This type of proclamation is not so much a reflection of a community of artists who merely want recognititon, but rather the inequity of the present system in which they live.
Surjit Mehat's acrylic on wood paintings are abstracted formal depictions of women in traditional garb. His smaller two pieces almost leave representation behind, and in so doing, with a clearer palette, move toward a bolder graphic quality.
Kauser Nigita's woodcuts, drypoint, and etchings refer most directly to classical Indian art history and mythology. Her dream-like illustrations place women in various poses in fantastical landscapes, infused with a feminine essence.
Paul Pahal's loud paintings, with shiny stones and cloth imbedded into the bright paint, point almost to a decorative tradition of whimsy, if notforthe references in his abstractions to the American Formalist tradition. It is a fusion of cultural influences.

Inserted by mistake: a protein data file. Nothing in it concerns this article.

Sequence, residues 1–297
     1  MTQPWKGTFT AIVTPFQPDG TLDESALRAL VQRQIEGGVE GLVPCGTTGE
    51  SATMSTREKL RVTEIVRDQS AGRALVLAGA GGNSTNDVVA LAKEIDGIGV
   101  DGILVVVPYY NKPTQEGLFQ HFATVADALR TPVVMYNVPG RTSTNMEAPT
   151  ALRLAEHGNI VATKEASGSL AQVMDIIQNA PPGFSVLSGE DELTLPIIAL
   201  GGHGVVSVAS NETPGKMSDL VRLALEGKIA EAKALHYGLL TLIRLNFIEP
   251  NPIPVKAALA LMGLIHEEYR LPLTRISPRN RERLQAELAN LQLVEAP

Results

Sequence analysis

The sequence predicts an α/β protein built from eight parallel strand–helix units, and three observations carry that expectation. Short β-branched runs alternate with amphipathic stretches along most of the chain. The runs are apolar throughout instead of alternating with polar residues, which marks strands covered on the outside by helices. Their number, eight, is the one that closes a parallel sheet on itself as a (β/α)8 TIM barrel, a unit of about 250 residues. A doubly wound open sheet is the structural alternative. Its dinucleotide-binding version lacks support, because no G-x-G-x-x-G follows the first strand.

On opening night, the speechmakings, poetry readings, and supportive audience created a sense of community. And there was the feeling of completion. "I wish this had been done long ago" sighed an exhausted Shani Mootoo in conversation that evening; such a statement requires contextualizing.
As the first of its type, as a community-building project, there is inevitably the burden of responsibility to present positive imagery. The pressure to propose a single, unproblematic view of what is usually fractured and polyperspectival is the result of two very different strategies for survival. One is to present a front of solidarity to the outside, resisting divide-and-conquer manoeuvres from institutions and the status quo. The other is to maintain the sufferance and traditions of silence that non-white, non-anglo peoples have utilized to endure the racism they have faced in Canada. Hence the need exists to present a general overview of South Asian art, to present an image of a community to the outside, where the construction of that larger 'public' is still generally perceived (regressively, I believe) to be 'white.'